They Do Things Differently There

Laura Stiers is a third year English major studying abroad in London this quarter. In Dispatches from London, she blogs about books, curious Anglicisms, and literary culture in one of Europe’s most literary cities.

I’m doing my reading for tomorrow, a British political newspaper from 1931. Bored, I flip to the end to read the advertisements and the “London Amusements” page. There are theater listings, which reminds me: we’re going to a musical tonight. I check my e-mail to make sure I leave on time. I’m seeing Blood Brothers, 7:45 at the Phoenix Theater on Charing Cross Road. I click on the Wikipedia link about the show. Apparently it’s been running continuously in the same theater since 1988. I’ve never heard of it. Continue reading

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Poetry: “KJ’s Feet”, by Craig Cotter

Not a callous.
Each nail clear.
Cuticles naturally, symmetrically edged.
Scent gets me hard.
Size 12.
Twenty-four.

Every other surface
(dark black hair)
perfect. Perfect scent.

You drink steadily
Absolut Cape Cod

That monstrosity, what’s it called, she said.
The Pomapdour Center?
Yeah that’s it.
Great Rivers cardboard sculpture.

KJ your 6-foot
140 pound twink body
Nothing better in my life.
Only things equal.
The Nobel Prize in Literature
for lifetime achievement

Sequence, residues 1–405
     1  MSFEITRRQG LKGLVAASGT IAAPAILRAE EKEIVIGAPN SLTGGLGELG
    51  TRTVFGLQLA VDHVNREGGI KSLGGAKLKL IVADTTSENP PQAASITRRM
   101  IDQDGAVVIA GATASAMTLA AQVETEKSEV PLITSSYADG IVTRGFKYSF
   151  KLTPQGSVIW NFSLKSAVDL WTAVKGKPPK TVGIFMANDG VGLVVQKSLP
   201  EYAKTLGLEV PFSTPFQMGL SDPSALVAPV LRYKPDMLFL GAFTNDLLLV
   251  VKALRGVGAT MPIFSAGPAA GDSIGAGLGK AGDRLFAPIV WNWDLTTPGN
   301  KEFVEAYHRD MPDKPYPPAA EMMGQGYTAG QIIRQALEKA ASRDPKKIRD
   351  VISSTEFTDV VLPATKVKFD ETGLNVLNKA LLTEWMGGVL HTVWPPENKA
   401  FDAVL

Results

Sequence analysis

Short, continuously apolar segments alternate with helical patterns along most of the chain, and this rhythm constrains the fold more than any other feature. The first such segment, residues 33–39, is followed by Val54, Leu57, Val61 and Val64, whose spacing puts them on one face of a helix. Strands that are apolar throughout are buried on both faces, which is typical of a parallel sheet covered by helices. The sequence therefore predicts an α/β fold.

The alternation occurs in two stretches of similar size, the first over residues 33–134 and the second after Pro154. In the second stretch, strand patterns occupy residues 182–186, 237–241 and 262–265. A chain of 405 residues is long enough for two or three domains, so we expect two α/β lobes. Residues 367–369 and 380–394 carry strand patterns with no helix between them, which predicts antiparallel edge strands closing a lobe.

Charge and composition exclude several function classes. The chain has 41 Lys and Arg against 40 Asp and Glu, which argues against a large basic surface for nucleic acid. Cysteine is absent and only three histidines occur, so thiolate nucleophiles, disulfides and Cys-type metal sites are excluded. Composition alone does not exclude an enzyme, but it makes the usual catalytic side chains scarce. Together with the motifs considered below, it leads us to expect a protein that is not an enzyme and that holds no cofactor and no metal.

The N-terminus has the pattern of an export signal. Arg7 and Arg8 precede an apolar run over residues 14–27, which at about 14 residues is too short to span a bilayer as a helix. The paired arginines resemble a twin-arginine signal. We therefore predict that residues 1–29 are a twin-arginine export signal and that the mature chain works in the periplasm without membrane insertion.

could only equal your body
and sweet nature.
Sitting on the edge of my bed
your feet in white socks and black and white
tennis shoes
telling me about your boys, girls,
computer-animation free-lance.

*
[Take a good long pause here.
Take a half-hour walk or run

or swim—break—
then get back to this poem.
Seriously if you don’t do one
you’ll miss the experience.]

*
Every night I don’t look for you
but about five nights a week.
Looked through Zurich and Pattaya.

Everything disappears!

Not a hair on your chest
or flat stomach.

I’m In The British Library (And I Feel Fine)

Laura Stiers is a third year English major studying abroad in London this quarter. In Dispatches from London, she blogs about books, curious Anglicisms, and literary culture in one of Europe’s most literary cities.

Sylvia Plath has the handwriting of the girl who sat next to me in my eighth grade English class. Looking at the letter in the display case, with its rounded vowels and nicely spaced words, it’s so easy to imagine her writing with a pink gel pen. Doodling flowers in the margins of her notebook. SP ♥ TH. Continue reading